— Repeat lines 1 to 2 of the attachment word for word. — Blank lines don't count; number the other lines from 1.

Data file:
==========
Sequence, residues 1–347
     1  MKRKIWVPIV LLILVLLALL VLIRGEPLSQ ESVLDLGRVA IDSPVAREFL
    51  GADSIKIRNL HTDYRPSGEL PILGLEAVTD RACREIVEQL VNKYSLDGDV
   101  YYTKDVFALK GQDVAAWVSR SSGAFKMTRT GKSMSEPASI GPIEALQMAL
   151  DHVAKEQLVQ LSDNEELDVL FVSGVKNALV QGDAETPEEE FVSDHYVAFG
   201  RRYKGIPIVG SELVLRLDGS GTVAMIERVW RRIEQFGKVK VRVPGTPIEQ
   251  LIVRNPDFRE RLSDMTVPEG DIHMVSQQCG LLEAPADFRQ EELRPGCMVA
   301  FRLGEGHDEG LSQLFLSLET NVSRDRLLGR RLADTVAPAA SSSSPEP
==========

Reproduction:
Sequence, residues 1–347
     1  MKRKIWVPIV LLILVLLALL VLIRGEPLSQ ESVLDLGRVA IDSPVAREFL